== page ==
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Best of New York Food 2004

Best Well-Kept Secret

  • Bouterin

    420 East 59th Street, 212-758-0323

    From the street, it’s just another unpromising-looking midtown restaurant, next door to a parking garage, facing the 59th Street Bridge. An Astroturf patio completes the disguise. But once you step inside, the overpowering scent of hothouse flowers makes you forget where you are, as does the charmingly wacky French-country-kitsch décor—by which we mean wall-to-wall knickknacks: Bundt molds, cuckoo clocks, vintage prints, crockery, and other flea-market finds. The owner and chef, Antoine Bouterin, formerly of Le Périgord, cooks traditional Provençal cuisine, comfort food for those not inclined toward mac and cheese. Start with the homemade pâté or the light, flaky crab cakes; then order either the bouillabaisse, redolent of saffron and pastis, the candied lamb stew (to be eaten with a spoon), or the sublime osso buco, served “Provençal grandmother style” (so tender that you could practically eat it with a straw). Finish with the signature dessert: the île flottante, an island of custard surrounded by vanilla sauce. You’ll find yourself wondering if the powerful Sutton Place regulars who treat this restaurant like a private club haven’t orchestrated some sort of conspiracy to keep it from attaining the destination status it deserves..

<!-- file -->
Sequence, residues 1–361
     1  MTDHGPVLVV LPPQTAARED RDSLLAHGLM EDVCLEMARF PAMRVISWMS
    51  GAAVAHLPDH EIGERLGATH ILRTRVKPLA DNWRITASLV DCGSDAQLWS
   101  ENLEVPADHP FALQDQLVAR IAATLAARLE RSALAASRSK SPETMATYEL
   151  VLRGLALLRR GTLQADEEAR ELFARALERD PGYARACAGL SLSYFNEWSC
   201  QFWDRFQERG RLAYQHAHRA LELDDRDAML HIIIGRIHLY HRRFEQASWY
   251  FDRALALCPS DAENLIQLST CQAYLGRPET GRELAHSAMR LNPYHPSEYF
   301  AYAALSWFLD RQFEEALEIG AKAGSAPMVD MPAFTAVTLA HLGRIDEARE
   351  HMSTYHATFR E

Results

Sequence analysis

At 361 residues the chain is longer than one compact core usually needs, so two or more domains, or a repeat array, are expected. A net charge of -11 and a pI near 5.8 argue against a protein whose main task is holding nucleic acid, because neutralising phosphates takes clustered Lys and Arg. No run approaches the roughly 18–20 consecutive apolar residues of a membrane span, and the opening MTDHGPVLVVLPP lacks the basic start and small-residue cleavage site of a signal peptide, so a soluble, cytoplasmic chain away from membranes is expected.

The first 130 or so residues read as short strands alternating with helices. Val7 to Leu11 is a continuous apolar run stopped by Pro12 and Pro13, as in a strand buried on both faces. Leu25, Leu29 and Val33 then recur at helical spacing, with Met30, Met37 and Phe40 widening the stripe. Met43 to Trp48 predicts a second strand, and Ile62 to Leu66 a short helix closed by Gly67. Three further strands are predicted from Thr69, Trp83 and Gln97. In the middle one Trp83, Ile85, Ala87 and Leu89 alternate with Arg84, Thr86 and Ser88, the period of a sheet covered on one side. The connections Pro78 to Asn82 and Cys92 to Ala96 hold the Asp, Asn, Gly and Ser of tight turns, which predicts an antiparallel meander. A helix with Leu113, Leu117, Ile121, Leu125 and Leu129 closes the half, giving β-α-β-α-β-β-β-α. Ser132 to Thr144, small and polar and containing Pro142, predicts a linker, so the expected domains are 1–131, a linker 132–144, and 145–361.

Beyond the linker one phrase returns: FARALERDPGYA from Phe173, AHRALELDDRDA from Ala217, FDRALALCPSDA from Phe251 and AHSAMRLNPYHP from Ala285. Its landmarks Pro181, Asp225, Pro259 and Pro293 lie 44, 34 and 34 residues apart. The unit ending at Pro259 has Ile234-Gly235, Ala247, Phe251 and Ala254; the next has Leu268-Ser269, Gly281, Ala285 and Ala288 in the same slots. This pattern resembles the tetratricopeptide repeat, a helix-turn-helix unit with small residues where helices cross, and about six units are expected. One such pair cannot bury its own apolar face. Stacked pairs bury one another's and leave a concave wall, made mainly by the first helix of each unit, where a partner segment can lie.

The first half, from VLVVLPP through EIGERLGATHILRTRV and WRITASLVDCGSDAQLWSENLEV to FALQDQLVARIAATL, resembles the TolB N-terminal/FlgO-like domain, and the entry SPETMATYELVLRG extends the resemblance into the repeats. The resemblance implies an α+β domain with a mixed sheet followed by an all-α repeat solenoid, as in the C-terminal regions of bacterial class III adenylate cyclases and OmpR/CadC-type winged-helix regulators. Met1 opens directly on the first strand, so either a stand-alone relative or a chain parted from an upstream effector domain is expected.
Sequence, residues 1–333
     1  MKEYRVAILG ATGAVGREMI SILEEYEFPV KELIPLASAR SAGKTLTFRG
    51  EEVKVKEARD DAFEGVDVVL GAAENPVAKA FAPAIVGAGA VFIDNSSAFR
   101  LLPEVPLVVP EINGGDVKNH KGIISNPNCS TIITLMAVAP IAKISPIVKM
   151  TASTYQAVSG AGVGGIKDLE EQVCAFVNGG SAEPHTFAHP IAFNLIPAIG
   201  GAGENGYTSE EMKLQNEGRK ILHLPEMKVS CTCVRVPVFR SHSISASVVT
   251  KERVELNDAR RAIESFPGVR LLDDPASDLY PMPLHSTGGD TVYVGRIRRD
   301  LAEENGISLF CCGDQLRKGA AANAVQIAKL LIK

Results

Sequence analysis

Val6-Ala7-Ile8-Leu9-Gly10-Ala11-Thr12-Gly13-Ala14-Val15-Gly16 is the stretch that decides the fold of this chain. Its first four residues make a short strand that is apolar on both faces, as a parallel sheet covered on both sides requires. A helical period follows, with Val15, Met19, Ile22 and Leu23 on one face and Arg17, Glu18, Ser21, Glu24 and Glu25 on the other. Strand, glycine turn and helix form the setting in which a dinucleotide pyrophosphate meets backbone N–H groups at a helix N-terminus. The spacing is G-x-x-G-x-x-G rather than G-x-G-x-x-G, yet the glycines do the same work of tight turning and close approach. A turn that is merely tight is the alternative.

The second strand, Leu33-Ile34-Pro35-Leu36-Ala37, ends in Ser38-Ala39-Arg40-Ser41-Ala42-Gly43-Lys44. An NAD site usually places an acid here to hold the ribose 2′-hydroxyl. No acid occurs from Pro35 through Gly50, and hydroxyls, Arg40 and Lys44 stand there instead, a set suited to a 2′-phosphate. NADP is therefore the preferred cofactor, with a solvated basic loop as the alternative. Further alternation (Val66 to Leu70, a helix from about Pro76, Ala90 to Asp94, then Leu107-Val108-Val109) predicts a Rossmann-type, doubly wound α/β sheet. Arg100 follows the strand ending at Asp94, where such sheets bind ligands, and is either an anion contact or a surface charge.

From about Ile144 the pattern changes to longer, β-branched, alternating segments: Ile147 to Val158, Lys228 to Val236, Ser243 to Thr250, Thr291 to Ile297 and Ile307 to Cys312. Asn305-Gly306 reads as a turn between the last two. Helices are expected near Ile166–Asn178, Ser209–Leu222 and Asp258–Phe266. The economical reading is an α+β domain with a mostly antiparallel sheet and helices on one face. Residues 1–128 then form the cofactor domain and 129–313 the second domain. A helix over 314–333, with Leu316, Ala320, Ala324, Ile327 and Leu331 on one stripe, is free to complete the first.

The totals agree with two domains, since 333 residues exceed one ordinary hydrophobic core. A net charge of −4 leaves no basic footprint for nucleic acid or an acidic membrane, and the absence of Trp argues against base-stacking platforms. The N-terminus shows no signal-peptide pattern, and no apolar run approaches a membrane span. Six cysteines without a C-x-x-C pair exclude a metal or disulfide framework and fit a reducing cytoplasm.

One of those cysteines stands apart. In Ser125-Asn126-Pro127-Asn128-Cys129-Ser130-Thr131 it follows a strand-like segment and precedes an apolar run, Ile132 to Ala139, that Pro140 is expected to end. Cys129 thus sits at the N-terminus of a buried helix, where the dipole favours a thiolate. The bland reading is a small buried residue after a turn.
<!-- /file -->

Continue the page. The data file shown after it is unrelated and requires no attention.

From the 2004 Best of New York issue of New York Magazine

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Other Best Of Guides

So what exactly does “best” mean in a city with thousands of pizza joints, hundreds of celebrity masseuses, and museum-worthy concept shops on every corner? Well, in the case of this, our annual “Best of New York” roundup, there’s a heavy emphasis on what’s new or what has somehow remained virtually unheard of (until now, of course).